Well, by now you probably know we passed court! But what you don't know are the details and a wiseman once said "the best tales are in the details". Actually I just made that up.
I pull myself up after very little sleep. I'm excited and scared about court. And I've got a terrific cold to accompany me. Yay. I'll devour breakfast with a bunch of other house guests. Eggs, bread, and that amazing Ethiopian fresh brew. I let Donnie sleep because I may have kept him up throughout the night hacking. Turnabout's fair play; he used to snore like sawing logs.
Dereje wasn't there and that made me a little nervous. I heard so many good things about him, I really wanted him there. He knew our case and I had some questions. They sent a replacement. Blah. We didn't see eye to eye. He was an inch taller than me.
Court was a bit anticlimactic. We're in a room full of foreigners trying to adopt kids and are being called in in groups according to the orphanage we are adopting from. Ours was near the end. The room was almost cleared by the time we were allowed into the mysterious single grey door. Inside are two desks and three ladies. The one in charge rattles off something in what I assume is Amharic while the other two write furiously. The lady in charge was beautiful in a strong governmental sort of way, like Lady Liberty or Judge Judy (see sarcasm). She was a softer Condoleeza. She asked a few questions of me and the other couple "Have you read up on international adoption?...Do you know a bit about Ethiopian culture?...Will you allow the children to know their heritage?...Is your family supportive of this adoption?...Do you understand that this is final when I sign this paper?" In the end Condi said everything was in order for us and we passed. I guess I expected song and dance, but a graceful nod and smile will suffice.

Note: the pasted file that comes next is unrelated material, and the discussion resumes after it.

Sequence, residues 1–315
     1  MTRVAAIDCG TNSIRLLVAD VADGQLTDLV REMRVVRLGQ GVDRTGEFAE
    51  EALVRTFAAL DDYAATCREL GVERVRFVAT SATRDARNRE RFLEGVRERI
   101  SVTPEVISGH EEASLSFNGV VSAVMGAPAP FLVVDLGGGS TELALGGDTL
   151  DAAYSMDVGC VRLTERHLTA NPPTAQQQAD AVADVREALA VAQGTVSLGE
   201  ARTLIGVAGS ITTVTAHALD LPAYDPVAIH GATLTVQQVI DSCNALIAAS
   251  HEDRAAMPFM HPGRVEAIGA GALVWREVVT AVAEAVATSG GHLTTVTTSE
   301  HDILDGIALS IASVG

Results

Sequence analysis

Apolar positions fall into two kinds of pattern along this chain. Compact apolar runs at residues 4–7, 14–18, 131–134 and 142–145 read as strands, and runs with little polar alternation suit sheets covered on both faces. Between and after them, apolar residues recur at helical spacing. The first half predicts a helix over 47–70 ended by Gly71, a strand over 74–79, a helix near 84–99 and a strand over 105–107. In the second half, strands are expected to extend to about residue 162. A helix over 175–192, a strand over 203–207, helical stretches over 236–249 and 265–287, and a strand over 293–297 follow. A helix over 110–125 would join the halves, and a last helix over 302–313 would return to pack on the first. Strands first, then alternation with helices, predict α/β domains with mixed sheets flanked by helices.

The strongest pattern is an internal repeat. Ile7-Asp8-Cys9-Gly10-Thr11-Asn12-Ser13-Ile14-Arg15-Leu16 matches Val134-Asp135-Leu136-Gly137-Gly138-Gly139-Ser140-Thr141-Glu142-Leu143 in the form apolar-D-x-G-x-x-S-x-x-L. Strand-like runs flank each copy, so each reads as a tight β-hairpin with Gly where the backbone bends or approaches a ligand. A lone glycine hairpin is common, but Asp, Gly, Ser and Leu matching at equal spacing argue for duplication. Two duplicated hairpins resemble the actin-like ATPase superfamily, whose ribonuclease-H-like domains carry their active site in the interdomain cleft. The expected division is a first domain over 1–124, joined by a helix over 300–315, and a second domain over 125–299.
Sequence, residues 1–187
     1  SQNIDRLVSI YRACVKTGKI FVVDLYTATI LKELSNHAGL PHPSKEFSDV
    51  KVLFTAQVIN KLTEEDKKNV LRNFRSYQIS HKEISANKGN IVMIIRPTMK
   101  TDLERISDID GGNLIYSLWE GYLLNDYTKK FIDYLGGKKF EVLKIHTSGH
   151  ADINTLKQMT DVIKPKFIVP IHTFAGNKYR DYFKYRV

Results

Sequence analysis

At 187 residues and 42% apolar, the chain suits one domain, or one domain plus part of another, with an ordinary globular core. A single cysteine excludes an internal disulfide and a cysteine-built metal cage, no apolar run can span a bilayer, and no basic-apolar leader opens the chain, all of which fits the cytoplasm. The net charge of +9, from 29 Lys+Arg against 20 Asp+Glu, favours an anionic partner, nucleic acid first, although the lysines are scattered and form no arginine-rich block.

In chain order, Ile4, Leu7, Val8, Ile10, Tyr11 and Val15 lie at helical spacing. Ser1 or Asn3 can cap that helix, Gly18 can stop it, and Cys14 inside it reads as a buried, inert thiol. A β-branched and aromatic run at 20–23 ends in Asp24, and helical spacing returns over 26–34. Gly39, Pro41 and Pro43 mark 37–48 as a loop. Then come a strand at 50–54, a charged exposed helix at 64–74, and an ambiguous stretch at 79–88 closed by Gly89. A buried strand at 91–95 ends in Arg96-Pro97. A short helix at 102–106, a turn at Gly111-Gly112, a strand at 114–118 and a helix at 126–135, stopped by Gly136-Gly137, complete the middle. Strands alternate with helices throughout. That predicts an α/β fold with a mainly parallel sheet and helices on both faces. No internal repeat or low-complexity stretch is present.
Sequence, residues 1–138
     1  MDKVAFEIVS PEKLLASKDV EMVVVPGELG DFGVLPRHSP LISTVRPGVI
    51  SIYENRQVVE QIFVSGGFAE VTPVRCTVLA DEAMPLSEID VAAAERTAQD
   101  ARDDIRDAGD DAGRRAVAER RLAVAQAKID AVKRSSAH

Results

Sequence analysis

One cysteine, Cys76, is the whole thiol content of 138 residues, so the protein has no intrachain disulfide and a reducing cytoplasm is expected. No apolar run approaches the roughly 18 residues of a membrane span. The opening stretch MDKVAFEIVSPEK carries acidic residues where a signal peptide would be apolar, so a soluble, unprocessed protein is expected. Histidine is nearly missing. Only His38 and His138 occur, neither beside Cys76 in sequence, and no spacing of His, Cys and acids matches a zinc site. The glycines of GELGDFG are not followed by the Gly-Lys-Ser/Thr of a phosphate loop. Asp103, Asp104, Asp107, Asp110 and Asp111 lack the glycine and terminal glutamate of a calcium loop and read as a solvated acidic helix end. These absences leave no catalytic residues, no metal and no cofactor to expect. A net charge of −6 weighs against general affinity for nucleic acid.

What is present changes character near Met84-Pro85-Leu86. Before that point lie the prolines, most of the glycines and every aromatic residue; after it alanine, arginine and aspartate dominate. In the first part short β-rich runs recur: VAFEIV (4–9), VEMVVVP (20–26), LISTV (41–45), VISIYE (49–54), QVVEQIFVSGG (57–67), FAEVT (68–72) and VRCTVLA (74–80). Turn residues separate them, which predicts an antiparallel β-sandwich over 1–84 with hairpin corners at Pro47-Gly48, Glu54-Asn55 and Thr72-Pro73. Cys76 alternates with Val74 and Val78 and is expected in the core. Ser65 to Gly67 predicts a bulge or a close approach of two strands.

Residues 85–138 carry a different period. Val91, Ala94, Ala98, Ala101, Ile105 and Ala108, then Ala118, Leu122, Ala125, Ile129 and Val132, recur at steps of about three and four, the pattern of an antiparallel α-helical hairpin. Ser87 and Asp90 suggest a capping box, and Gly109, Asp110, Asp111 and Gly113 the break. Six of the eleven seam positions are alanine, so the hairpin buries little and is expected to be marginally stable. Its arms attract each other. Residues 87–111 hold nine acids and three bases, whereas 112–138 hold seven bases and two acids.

We are headed back toward the guest house stopping at several locations to try and find some throat lozenges. This is no small task in Ethiopia. I've been told twice now that they are no longer on the market. Two gentlemen in line in front of me at one pharmacy are purchasing OxyContin and Loratabs over the counter. They can buy narcotics but I can't purchase menthol-flavored candy? What gives?
I met with Dereje that afternoon. He is very nice. Explained everything. Answered questions. Completely patient. It was a little weird that he was wearing a scarf when it was over 80 degrees outside but whatever floats your boat.
On our way back to the guest house, yet again, and this time in need of a nap. We slept about an hour and then head to the orphanage to visit the kids for a bit. I'm excited to tell them the good news of our passing court. I'm not sure if they understand the process all that well but certainly my excitement is evident. I spent much of my time in the baby room with Rahel. Donnie played downstairs with lots of kids. I knew I needed to and wanted to go back down and spend time with others but it's hard to get away when one of your kids is enjoying you so. We hung our heads out of the top floor window. She shouts greetings at people she knows (and maybe some she doesn't) down on the street and she pointed out different buildings visible from there. There's quite a lot one can see from the fourth floor of the orphanage.
Alas, it was time I had to go. We went back down a couple of flights and met Solomon on his way up. They brought me into the playroom where Rahel's best friend was watching a movie. We stayed there for a while. Solomon and I went onto the balcony and talked before returning to the bottom to rejoin the others. We played a bit longer and then left. Court and all it entailed ate a good piece of the day.
For dinner we are trying Lime Tree. I'll have the spaghetti with a ginger lime tea. The spaghetti is quite good. Nothing extravagant but good cafe style spaghetti. The ginger lime tea is strong enough to remove paint from the wall. It burns my sore throat in a really good way. We'll come back here tomorrow night, drawn by this tea, yet our experience will not be the same.